to open a ﬁle on our disk called “numbers.’r’) data = infile. the ﬁle is closed (again in the programming sense). you have actually opened a ﬁle.py # Prints a file to the screen. COMPUTING WITH STRINGS terminology. If the ﬁle contains more than one line of text. def main(): fname = raw_input("Enter filename: ") infile = open(fname. Here’s an example program that prints the contents of a ﬁle to the screen. it reads all the characters up through the next newline character. and closed the new ﬁle. created a new ﬁle (having the same name). Python provides three related operations for reading information from a ﬁle: <filevar>. infile = open("numbers.read() <filevar>.54 CHAPTER 4.dat” for reading. this time in a mode that allows it to store information—the ﬁle on disk is opened for writing. whereas raw input discards the newline character. The entire contents of the ﬁle is then read as one large string and stored in the variable data. # printfile. readline returns the next line from the ﬁle. From the program’s perspective. First. not the ﬁle itself. each call to raw input get another line from the user. The mode parameter is either the string "r" or "w" depending on whether we intend to read from the ﬁle or write to the ﬁle. this fragment of code prints out the ﬁrst ﬁve lines of a ﬁle. we could use a statement like the following. read its contents into memory. The readline operation can be used to read one line from a ﬁle. "r") Now we can use the variable infile to read the contents of numbers.” you are really making changes to data in memory.readlines() The read operation returns the entire contents of the ﬁle as a single string. closed the ﬁle. Each time it is called. I used infile to emphasize that the ﬁle was being used for input. This is analogous to raw input which reads characters interactively until the user hits the Enter key. the resulting string has embedded newline characters between the lines. For example. Saving a ﬁle also involves a multi-step process. One thing to keep in mind. . File writing operations are then used to copy the current contents of the in-memory version into the new ﬁle on the disk. that is. Working with text ﬁles is easy in Python.read() print data main() The program ﬁrst prompts the user for a ﬁlename and then opens the ﬁle for reading through the variable infile. As you “edit the ﬁle. The ﬁrst step is to associate a ﬁle with a variable using the open function. As a quick example. however. <filevar> = open(<name>.dat". Doing so actually erases the old contents of the ﬁle. You could use any name for the variable. the ﬁle is opened for reading and the the contents of the ﬁle are then read into memory via ﬁle reading operations. The changes will not show up in the ﬁle on the disk until you tell the application to “save” it.dat from the disk.readline() <filevar>. written the (modiﬁed) contents of memory into the new ﬁle. <mode>) Here name is a string that provides the name of the ﬁle on the disk. Printing data causes the contents to be displayed. From your perspective. it appears that you have edited an existing ﬁle. At this point. the original ﬁle on the disk is reopened. is that the string returned by readline will always end with a newline character.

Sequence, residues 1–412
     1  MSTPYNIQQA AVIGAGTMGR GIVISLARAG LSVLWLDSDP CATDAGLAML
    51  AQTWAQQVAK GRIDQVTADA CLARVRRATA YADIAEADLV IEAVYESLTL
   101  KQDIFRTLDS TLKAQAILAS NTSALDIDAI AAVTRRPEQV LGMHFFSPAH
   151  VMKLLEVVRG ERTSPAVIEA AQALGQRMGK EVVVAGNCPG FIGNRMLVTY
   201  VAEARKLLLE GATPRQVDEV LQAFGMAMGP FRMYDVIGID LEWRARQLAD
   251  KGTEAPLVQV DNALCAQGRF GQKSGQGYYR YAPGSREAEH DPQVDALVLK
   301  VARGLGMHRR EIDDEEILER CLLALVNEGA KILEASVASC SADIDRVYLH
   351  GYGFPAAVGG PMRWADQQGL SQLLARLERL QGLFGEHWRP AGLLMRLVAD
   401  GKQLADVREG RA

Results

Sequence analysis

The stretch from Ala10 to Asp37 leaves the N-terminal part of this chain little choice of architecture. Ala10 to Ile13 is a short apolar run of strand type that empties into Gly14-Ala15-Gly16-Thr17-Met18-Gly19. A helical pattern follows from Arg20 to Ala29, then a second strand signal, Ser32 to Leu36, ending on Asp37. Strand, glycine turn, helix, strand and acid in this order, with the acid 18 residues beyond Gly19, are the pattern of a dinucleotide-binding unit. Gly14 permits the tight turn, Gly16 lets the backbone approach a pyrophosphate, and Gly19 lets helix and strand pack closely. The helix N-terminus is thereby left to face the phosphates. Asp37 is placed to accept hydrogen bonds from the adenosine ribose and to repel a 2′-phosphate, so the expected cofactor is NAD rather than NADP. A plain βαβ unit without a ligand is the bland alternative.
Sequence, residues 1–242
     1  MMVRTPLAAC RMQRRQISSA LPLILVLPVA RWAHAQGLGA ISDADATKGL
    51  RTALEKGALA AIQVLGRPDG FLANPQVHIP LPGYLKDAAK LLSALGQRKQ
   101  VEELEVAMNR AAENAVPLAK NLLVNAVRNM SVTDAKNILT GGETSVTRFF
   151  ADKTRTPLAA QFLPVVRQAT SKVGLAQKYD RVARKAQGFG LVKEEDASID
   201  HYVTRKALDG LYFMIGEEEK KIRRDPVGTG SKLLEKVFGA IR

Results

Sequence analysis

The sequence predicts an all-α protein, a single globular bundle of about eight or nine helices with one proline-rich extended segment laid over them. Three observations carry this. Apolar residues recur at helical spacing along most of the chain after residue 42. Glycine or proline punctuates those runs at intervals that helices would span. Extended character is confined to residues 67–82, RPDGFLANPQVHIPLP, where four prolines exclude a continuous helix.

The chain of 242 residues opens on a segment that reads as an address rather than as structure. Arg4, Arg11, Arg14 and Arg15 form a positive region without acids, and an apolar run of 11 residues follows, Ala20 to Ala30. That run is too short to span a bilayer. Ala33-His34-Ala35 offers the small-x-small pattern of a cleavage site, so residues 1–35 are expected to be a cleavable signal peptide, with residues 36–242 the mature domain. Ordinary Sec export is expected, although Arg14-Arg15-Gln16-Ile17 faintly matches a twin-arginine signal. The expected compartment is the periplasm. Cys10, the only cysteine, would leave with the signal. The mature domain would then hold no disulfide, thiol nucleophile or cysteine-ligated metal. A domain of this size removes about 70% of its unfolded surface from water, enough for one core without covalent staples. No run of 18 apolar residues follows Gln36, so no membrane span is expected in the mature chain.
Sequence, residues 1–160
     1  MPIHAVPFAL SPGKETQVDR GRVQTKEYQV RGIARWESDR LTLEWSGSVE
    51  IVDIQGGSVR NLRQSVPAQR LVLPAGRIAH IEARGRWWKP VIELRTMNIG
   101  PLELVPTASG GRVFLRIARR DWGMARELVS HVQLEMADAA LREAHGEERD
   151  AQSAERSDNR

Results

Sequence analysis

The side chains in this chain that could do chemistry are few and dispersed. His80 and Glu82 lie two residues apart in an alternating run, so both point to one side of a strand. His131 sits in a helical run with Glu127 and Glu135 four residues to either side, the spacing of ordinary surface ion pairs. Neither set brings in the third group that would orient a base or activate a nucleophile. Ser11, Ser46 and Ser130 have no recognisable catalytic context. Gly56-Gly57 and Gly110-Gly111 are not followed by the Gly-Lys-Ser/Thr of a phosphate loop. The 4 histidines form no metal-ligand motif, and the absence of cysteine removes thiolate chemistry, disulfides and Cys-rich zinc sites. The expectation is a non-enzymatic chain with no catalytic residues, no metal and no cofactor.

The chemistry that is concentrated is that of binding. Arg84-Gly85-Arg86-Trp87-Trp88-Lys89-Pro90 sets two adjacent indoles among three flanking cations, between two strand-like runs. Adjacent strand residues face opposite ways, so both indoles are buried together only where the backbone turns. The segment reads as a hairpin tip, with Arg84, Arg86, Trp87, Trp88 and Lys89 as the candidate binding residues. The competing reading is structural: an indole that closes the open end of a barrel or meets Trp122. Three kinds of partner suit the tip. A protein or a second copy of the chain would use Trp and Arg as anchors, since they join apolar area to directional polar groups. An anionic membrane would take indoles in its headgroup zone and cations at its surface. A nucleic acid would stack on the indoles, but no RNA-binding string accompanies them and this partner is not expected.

out".close() Notice the use of string formatting to write out the value of the variable count. you must ﬁrst convert it. program input and output is done through ﬁles. but in batch mode.5. and writes that string to the ﬁle.5. The write operation takes a single parameter. which must be a string.3 Example Program: Batch Usernames To see how all these pieces ﬁt together. Our new program is designed to process a ﬁle of names. when you want to loop through all the (remaining) lines of a ﬁle. This operation returns a sequence of strings representing the lines of the ﬁle. FILE PROCESSING infile = open(someFile. using the write operation.write(<string>) This is similar to print.write("This is line number %d" % (count)) outfile. If you want to output something that is not a string. you can use readlines. the process would probably not be done interactively. make sure you do not clobber any ﬁles you will need later! Here is an example of opening a ﬁle for output.readlines(): # process the line here infile. In batch processing.out” existed before executing this fragment. a new ﬁle will be created. As an alternative to readline. Each line of the input ﬁle will contain the ﬁrst and last names of a new user separated by one or more spaces.out” containing the following two lines: This is the first line This is line number 2 If “example. you must explicitly provide the newline character. 4. outfile = open("mydata.. it is a particularly handy way to process each line of a ﬁle. it’s old contents were destroyed. The program produces an output ﬁle containing a line for each generated username. infile = open(someFile. Our previous version created usernames interactively by having the user type in his or her name.readline() print line[:-1] 55 Notice the use of slicing to strip off the newline character at the end of the line. Used with a for loop. empty ﬁle. printing with the explicit newline at the end would put an extra blank line of output between the lines of the ﬁle. let’s redo the username generation program.close() Opening a ﬁle for writing prepares that ﬁle to receive data. If you want to start a new line in the ﬁle. This code will produce a ﬁle on disk called “example. A word of warning: if a ﬁle with the given name does exist. If no ﬁle with the given name exists. When writing to a ﬁle. it outputs a newline). outfile = open("example. Here’s a silly example that writes two lines to a ﬁle. If we were setting up accounts for a large number of users.e. Python will delete it and create a new. ’w’) count = 1 outfile. <file-var>.4. ’r’) for i in range(5): line = infile. . Since print automatically jumps to the next line (i.write("This is the first line\n") count = count + 1 outfile. except that write is a little less ﬂexible. "w") We can put data into a ﬁle. ’r’) for line in infile. the string formatting operator is often a handy way to do this.out".